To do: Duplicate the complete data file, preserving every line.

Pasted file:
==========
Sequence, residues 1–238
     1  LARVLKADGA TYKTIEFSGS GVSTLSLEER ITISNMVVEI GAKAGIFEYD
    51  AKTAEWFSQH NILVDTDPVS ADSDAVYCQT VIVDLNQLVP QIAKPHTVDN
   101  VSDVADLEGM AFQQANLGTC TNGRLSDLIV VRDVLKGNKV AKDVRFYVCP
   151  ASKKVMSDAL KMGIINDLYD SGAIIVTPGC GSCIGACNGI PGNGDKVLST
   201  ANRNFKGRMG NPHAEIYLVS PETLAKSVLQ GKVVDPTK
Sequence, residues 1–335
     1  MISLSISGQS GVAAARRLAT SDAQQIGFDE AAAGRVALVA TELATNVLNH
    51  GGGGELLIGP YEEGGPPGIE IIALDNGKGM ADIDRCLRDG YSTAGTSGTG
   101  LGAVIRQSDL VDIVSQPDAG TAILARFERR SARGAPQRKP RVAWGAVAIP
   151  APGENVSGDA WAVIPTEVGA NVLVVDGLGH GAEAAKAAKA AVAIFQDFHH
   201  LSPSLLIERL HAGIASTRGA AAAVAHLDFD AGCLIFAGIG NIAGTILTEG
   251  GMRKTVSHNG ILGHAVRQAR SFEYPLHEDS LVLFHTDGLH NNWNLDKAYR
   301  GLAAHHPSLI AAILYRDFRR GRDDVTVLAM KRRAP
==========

Sequence, residues 1–238
     1  LARVLKADGA TYKTIEFSGS GVSTLSLEER ITISNMVVEI GAKAGIFEYD
    51  AKTAEWFSQH NILVDTDPVS ADSDAVYCQT VIVDLNQLVP QIAKPHTVDN
   101  VSDVADLEGM AFQQANLGTC TNGRLSDLIV VRDVLKGNKV AKDVRFYVCP
   151  ASKKVMSDAL KMGIINDLYD SGAIIVTPGC GSCIGACNGI PGNGDKVLST
   201  ANRNFKGRMG NPHAEIYLVS PETLAKSVLQ GKVVDPTK
Sequence, residues 1–335
     1  MISLSISGQS GVAAARRLAT SDAQQIGFDE AAAGRVALVA TELATNVLNH
    51  GGGGELLIGP YEEGGPPGIE IIALDNGKGM ADIDRCLRDG YSTAGTSGTG
   101  LGAVIRQSDL VDIVSQPDAG TAILARFERR SARGAPQRKP RVAWGAVAIP
   151  APGENVSGDA WAVIPTEVGA NVLVVDGLGH GAEAAKAAKA AVAIFQDFHH
   201  LSPSLLIERL HAGIASTRGA AAAVAHLDFD AGCLIFAGIG NIAGTILTEG
   251  GMRKTVSHNG ILGHAVRQAR SFEYPLHEDS LVLFHTDGLH NNWNLDKAYR
   301  GLAAHHPSLI AAILYRDFRR GRDDVTVLAM KRRAP